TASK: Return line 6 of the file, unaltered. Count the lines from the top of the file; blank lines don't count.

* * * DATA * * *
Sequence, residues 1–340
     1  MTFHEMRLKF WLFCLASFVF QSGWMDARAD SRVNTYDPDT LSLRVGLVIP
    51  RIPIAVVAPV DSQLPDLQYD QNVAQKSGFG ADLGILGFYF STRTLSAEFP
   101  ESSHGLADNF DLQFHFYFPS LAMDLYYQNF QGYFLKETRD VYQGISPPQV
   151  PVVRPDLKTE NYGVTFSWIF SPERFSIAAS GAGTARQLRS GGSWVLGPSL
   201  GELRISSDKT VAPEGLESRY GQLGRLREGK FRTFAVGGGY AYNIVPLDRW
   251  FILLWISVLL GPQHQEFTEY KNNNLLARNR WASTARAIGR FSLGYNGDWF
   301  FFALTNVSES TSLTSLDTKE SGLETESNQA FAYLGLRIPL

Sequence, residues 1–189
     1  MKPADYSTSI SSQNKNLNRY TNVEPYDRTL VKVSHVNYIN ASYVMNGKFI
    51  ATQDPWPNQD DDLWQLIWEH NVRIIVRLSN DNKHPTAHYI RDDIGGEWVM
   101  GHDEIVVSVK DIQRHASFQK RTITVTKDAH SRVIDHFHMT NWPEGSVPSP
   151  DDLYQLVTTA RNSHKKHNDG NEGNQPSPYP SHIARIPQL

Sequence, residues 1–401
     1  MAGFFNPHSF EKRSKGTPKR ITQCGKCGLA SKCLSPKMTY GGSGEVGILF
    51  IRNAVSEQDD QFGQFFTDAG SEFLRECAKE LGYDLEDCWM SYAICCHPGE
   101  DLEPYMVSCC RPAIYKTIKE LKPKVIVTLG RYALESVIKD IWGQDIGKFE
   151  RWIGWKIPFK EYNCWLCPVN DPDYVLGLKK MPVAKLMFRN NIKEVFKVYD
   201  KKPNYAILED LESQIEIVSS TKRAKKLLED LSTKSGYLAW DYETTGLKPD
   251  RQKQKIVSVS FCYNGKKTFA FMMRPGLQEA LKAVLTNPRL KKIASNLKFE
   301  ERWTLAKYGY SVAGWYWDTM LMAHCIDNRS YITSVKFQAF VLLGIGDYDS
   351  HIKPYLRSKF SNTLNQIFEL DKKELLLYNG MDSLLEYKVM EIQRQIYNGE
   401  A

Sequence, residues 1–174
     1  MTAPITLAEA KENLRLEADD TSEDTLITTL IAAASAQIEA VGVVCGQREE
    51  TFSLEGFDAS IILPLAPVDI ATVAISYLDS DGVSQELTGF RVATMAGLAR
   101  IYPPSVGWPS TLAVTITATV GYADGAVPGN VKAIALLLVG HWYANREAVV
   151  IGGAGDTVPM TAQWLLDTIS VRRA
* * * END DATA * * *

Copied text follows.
   201  GELRISSDKT VAPEGLESRY GQLGRLREGK FRTFAVGGGY AYNIVPLDRW